“DON’T! You wouldn’t dare believe the Messiah would come to us in this way!” Her anger caught Miryam off guard. A pregnant silence settled into the house. After a moment, Sarah continued, now more gently. “What would our people do with an infant? We need a king. Look outside. Rome counts our heads so they know how much money they’ll profit from our taxes. They bring the entire world to them so they can throw our children into battle, dull swords in hand. They’ll never let us forget about the power they wield over us. How would a baby change that? If you’re seeking the Messiah, look up to the clouds where Elijah was taken to heaven. That is where our salvation will come.”

Joseph also went from the town of Nazareth in Galilee to Judea, to the city of David called Bethlehem, because he was descended from the house and family of David. He went to be registered with Mary, to whom he was engaged and who was expecting a child (Luke 2:4-5).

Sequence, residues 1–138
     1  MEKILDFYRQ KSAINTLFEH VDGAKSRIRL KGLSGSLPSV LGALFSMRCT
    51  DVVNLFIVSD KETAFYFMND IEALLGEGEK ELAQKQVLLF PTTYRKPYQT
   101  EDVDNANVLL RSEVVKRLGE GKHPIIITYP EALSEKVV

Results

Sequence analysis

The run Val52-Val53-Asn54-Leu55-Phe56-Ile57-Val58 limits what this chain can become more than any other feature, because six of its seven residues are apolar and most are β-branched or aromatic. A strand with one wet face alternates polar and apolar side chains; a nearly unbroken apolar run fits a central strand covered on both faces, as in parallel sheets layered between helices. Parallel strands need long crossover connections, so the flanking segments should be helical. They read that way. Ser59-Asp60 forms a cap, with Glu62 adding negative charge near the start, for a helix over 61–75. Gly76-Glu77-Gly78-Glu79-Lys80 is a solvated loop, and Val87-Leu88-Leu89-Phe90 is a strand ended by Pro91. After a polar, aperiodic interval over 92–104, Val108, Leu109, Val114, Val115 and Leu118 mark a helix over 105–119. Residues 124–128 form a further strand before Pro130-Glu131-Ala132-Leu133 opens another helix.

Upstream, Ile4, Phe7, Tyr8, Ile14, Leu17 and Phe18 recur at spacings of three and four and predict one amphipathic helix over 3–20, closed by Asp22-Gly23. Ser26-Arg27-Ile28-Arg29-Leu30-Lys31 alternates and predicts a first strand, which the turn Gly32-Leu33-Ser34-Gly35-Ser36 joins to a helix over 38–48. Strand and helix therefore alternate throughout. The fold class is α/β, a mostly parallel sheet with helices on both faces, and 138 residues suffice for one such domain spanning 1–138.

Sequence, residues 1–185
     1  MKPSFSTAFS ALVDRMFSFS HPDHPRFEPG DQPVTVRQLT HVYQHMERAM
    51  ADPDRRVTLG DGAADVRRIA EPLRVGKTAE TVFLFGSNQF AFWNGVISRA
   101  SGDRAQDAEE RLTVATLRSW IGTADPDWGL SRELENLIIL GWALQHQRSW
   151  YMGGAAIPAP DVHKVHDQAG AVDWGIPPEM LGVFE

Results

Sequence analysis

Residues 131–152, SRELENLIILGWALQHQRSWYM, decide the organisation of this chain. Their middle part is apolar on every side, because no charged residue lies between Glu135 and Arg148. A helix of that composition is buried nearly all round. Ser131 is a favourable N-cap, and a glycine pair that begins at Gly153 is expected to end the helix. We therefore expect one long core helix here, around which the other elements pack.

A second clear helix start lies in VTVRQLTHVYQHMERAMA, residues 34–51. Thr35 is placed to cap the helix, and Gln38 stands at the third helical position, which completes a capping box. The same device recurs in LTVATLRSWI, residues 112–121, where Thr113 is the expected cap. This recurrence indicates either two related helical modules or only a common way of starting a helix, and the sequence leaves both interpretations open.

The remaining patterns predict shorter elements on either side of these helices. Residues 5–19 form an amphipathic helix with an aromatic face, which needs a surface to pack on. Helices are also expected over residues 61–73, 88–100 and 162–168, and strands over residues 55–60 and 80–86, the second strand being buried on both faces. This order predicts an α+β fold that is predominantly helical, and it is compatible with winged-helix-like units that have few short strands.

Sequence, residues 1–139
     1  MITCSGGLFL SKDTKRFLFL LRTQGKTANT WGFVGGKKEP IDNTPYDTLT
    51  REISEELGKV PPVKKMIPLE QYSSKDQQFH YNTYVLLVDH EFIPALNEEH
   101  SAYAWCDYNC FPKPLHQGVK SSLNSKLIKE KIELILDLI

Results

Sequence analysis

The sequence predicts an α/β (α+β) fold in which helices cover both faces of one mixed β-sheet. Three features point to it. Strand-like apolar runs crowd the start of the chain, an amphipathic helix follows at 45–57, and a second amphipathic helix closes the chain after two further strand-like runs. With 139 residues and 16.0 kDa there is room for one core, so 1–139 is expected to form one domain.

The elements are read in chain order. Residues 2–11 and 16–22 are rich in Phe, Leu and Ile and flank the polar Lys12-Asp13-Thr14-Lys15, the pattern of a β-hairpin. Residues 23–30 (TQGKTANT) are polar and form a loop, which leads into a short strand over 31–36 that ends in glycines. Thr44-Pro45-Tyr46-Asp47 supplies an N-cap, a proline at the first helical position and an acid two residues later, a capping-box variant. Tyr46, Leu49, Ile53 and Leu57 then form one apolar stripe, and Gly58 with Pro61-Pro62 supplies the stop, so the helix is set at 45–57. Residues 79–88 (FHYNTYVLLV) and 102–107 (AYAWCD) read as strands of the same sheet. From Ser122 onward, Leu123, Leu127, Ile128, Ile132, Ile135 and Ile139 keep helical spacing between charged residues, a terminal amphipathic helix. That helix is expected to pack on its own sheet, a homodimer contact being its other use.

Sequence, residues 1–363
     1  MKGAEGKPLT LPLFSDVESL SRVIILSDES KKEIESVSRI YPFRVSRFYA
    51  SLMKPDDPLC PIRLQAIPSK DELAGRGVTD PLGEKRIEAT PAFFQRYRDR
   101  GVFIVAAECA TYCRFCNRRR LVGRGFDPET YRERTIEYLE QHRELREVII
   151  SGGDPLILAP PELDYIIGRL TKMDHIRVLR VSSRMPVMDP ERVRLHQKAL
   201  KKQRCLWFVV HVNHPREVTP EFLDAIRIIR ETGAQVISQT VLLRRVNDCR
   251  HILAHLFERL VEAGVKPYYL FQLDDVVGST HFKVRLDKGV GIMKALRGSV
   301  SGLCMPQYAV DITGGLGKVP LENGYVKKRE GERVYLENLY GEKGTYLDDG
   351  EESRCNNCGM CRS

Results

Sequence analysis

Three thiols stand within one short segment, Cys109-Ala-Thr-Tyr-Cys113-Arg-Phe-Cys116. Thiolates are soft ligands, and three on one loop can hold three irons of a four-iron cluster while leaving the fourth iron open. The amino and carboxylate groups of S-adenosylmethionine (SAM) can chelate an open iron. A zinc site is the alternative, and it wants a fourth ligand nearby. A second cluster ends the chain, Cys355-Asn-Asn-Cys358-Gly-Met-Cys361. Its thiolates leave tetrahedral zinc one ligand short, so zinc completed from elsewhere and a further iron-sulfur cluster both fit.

“They’re here!” exclaimed Miryam.

“Both of them?” Sarah asked with surprise, even though she knew they were coming.

“Yes. She’s really pregnant. Are you sure they can’t stay here, Aunt Sarah?”

With her back to both Miryam and the busy road just outside the home, Sarah replied firmly, “I’m sure.”

“The whole caravan is helping her unload their things. It must’ve been such a difficult journey.”

“I’m sure it was.”

“They’re heading this way. Just the two of them.”

Voices sounded from the entrance.

“Peace, mother,” a ragged Joseph said. “This is Mary, my wife.” Even through his exhaustion, Sarah could see his pride. He loved her. He believed her.

Sarah sighed a sigh of relief and disappointment. Relief because her son was home; disappointment because she felt her faith was being tried and she was uncertain if she’d pass the test.

“Peace to you, my son. It has been so long. You look tired.”

“Joseph! Mary!” Miryam shouted as she pushed her small frame into the entrance.

“Cousin!” Joseph exclaimed, bending down with open arms to receive her.

Mary and Sarah faced one another for the first time. “This woman,” Sarah thought to herself. Their eyes met for a moment and Sarah was briefly overcome with loving kindness. She looked away, back to Joseph. Mary’s hands rested on her belly.

“Has anyone else arrived?” Mary asked Sarah.

“No. You’re the first, Mary,” she replied without breaking eye contact with Joseph.